If you're looking forward to collecting Social Security when you're older, you're not alone. You should know, however, that the age at which you claim those benefits initially could cause them to go up, go down, or stay the same.

Your benefits themselves are calculated based on how much you earned during your top 35 working years. Once you reach full retirement age (FRA), you'll be eligible for your full monthly benefit amount based on your earnings record. FRA, depending on when you were born, kicks in at either 66, 67, or 66 and a certain number of months.

Smiling senior man sitting at a table

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That said, you actually get an eight-year window to file for benefits that begins at age 62 and ends at age 70. If you file before reaching FRA, your benefits will be reduced for each year you claim early. But if you hold off on taking benefits past FRA, you'll accrue delayed retirement credits that boost your payments by 8% annually up until you reach age 70. It's for this reason that some seniors are motivated to wait as long as possible to take benefits, and if any of the following scenarios apply to you, you'd be wise to do the same.

1. You're still working

Many people work well into their 60s, but if you're still collecting a paycheck by the time you're eligible for Social Security, and you haven't yet reached FRA, you'll have a portion of your benefits withheld if you earn too much. The threshold at which that applies changes from year to year, but for the current year, you'll have $1 in benefits withheld for every $2 you earn over $17,040. And that's on top of the reduction you'll face by filing ahead of FRA.

Now once you reach FRA, you can earn as much money as you'd like and still get your Social Security payments in full. But if you don't need the cash right away because your paycheck is enough to support you, you might as well hold off on filing and let your benefits grow. This way, you'll collect a higher monthly payment for life.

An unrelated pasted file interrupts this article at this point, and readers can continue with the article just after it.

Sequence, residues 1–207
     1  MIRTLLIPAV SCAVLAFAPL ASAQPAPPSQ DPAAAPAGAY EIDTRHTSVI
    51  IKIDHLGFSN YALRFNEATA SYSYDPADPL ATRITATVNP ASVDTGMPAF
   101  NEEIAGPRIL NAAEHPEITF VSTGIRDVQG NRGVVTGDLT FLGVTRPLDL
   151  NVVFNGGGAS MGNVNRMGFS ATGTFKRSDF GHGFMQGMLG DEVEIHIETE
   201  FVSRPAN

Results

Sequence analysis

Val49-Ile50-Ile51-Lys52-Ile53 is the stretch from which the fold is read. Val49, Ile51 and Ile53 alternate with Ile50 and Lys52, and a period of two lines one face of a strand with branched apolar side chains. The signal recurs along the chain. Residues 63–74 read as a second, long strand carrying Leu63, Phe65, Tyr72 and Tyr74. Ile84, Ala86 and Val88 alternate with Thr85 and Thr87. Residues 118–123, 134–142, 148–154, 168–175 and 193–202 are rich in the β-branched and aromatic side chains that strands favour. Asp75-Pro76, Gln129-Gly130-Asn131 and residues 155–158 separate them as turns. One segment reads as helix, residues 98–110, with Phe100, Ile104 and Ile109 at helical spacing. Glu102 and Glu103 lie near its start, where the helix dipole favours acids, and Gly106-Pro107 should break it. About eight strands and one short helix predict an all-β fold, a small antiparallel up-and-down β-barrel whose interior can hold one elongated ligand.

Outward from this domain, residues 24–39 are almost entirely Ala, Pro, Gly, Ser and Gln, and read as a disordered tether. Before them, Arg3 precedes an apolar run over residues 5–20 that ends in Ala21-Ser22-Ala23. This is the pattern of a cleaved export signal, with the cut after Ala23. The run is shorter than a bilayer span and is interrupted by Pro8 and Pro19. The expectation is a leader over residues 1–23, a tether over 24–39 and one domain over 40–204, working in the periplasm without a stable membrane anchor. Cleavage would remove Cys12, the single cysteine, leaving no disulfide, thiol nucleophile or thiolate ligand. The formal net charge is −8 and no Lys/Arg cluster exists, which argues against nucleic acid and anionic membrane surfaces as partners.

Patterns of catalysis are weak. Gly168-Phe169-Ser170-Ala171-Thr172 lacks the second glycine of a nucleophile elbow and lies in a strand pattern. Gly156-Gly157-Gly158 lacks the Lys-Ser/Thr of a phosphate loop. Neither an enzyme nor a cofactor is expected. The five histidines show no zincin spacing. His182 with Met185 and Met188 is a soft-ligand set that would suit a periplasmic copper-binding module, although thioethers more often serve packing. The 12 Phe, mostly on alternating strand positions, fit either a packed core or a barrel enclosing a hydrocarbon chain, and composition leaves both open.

2. You have very little savings

Once you retire, you'll probably need a combination of savings and Social Security to cover your bills. But if you're lacking in the savings department, your benefits will need to work much harder. Therefore, it pays to boost them as much as possible to make up for a smaller nest egg.

Imagine you're in your mid-60s with only $100,000 saved for retirement. If we apply a 4% annual withdrawal rate to that sum, which has long been the standard, that gives you just $4,000 a year of income, which is certainly not enough to live on. Therefore, if you're entitled to a full monthly benefit of $1,500 at an FRA of 67, and you hold off until 70, you'll collect $1,860 a month instead. That's an extra $4,320 a year, which you'll most certainly need.

3. You have good genes

The interesting thing about Social Security is that it's designed to pay you the same lifetime total regardless of when you initially file. The logic here is that waiting on benefits will cause you to collect fewer individual payments, but each payment you get will be higher, and so the two factors will balance each other out. This formula, however, assumes that you live an average life-span, but if you have a family history of longevity and your own health is great, you'll generally come out ahead financially by delaying benefits as long as possible.

Imagine you're entitled to $1,500 a month at age 67, but you delay until 70 and grow each monthly payment to $1,860. If you pass away at 82 1/2, you'll wind up with the same total -- $279,000 -- under either scenario. But if you live until 90, you'll come out over $32,000 ahead by filing at 70 rather than 67.

Of course, predicting your own life-span is mostly impossible because, unfortunately, you never know when you might unexpectedly fall ill. But if you're approaching FRA in terrific health and your parents and grandparents all lived long lives, then it's probably worth having faith in your ability to do so as well.

Waiting on Social Security isn't always possible, nor does it always make sense. If you're out of work, for example, and need money to pay your bills, you're better off taking benefits than racking up debt. Similarly, if your health is poor, you'll generally come out ahead by filing for Social Security sooner rather than later. But if any of the above circumstances apply to you, remember that waiting will give you a series of higher monthly payments for life. And that might really buy you the retirement of your dreams.

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